I guess leaving my ex-husband taught me all about resilience and to face the fear with a brave face. What I did not know or expect was what was to come. I was looking forward to becoming my son’s mom, and he knows how much I loved him, how I used to pray for him daily, and talk to him and whisper him sweet lullabies. Sebastian was my hope. Sebastian was my torch to safety. Sebastian showed me what love was. Sebastian gave his mommy much happiness.

I remember when I had to go back to the city that I fled to go to the hospital and discuss an operation on my ankle – the ankle that my ex-husband damaged, only to be told no operation could be done because I was pregnant with a little life inside of me. I was frightened. I looked all around me, making sure I was not being followed and tentatively went into the city covering my face so that I would be disguised. So that I would not be easily spotted.
The long months of having to face motherhood on my own, not knowing how I would provide for my son or myself when the time came to look after him. I did not know, I did not have the answers but in my heart somehow I knew that it would work. That I would be able to succeed. That I would be his mommy, and that I would be a good mommy, only thing is I failed at keeping him safe, the one place in the world where he was safe – he died.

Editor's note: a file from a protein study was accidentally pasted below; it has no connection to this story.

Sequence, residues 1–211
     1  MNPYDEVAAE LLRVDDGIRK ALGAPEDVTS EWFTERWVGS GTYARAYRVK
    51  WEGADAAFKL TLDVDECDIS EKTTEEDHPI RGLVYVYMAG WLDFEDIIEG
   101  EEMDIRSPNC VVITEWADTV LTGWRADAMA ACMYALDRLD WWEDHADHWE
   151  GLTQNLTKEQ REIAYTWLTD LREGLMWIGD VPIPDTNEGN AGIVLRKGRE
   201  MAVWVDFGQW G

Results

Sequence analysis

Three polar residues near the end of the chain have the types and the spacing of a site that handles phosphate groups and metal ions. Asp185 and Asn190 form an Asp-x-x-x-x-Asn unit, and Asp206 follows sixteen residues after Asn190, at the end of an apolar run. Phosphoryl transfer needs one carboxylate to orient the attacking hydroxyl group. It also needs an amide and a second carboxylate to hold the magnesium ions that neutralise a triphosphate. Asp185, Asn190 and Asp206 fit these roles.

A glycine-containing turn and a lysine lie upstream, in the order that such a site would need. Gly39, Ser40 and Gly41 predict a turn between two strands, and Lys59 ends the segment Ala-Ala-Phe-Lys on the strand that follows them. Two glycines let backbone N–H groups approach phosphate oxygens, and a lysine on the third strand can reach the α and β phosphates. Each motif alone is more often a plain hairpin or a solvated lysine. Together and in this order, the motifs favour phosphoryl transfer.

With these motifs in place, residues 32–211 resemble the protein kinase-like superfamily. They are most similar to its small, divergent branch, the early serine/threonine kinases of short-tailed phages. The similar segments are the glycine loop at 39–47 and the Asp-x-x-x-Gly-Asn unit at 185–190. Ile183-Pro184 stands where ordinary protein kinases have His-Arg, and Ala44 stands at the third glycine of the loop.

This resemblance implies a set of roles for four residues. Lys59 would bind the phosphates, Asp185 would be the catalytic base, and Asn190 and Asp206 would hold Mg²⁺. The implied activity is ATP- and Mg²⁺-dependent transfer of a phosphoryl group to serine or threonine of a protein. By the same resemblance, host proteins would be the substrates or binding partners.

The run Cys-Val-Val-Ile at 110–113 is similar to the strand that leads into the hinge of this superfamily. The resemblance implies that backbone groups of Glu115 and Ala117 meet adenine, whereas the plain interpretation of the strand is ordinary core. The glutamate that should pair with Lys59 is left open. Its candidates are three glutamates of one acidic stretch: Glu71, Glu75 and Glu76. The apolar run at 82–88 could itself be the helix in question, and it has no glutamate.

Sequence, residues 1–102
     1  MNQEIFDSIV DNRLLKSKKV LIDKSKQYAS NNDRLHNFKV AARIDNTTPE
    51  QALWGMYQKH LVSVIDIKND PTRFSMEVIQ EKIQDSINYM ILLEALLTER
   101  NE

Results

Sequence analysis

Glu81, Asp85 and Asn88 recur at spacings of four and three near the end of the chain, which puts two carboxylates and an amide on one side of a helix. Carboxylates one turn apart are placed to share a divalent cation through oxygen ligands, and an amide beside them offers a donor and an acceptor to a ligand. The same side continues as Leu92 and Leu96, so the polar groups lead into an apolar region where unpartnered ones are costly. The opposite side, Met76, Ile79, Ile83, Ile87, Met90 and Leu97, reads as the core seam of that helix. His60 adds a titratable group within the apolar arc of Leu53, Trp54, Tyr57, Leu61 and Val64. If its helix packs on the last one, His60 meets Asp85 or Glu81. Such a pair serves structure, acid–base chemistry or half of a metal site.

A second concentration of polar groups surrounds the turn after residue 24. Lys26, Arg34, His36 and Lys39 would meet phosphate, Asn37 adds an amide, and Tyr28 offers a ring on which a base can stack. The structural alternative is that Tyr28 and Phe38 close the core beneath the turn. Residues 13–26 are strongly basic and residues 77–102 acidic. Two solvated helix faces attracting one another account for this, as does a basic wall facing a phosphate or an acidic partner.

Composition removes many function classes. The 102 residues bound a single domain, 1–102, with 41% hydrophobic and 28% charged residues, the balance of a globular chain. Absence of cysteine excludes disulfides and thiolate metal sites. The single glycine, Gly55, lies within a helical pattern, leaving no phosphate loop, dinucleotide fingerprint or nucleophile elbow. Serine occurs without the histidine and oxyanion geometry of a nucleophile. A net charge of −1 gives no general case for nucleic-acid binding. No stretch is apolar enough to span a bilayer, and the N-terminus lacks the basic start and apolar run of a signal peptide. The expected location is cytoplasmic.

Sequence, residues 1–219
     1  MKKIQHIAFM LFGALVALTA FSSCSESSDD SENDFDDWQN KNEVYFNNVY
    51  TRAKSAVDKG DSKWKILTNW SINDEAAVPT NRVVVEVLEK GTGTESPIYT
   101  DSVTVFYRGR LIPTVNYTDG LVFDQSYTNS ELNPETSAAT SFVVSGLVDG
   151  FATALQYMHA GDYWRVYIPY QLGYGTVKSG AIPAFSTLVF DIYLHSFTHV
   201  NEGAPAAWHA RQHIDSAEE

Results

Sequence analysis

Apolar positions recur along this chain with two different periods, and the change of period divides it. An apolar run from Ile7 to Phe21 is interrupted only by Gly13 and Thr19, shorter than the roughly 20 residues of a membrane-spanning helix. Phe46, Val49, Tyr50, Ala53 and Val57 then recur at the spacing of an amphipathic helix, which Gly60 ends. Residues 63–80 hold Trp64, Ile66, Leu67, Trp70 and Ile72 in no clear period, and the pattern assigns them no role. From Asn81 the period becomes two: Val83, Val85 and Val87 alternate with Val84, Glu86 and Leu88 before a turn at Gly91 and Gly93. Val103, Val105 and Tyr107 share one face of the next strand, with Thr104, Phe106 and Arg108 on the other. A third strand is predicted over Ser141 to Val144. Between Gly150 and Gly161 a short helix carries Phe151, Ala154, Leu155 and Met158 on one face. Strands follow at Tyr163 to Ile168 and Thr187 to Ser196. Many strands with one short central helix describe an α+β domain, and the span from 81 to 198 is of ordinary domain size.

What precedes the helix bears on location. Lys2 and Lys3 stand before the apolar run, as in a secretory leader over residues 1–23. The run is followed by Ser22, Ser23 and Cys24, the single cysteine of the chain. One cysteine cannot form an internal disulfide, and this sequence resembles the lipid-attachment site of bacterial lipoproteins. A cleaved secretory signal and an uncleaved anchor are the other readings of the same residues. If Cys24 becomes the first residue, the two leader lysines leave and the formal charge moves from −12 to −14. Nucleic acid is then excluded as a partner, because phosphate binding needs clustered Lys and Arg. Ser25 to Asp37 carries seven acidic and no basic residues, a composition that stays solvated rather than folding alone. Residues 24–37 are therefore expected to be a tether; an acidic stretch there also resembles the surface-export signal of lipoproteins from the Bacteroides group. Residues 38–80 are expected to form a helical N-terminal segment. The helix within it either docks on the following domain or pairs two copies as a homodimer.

My son died, he never got to come into this world and witness the light. He was born in complete silence, and so the courage and resilience that I learnt over the months that I was in hospital gave me the strength to push through the labour, gave me strength to keep fighting – secretly hoping that somehow my son would come out and he would cry, and that I would wake up from this heart wrenching nightmare, only it wasn’t the case. I was awake. Alarmed. Frightened. Not sure how to move forward, or past this overwhelming presence of grief.

It was courage that taught me to face my fears and it was courage that taught me to move forward into the unknown, but when courage hits and your son is dead – how do you keep on going when the one thing that gave you the strength to go on was no more. Was dead? How do you move past that big fat lump at the back of your throat? Did I deserve to lose my son? Did I deserve this lot in life? Did I do anything wrong to make him die? Was it my fault? Those were the thoughts that rang in my ears for many months to come and they still ring in my ears.

My future is uncertain, my grief journey is a sure thing. It goes hand in hand with the shoes that I was handed at birth, yet I did not think that I would be a mom of a still born baby boy. This never crossed my mind when I left my husband. I wonder should I have left the UK, or should I have stayed?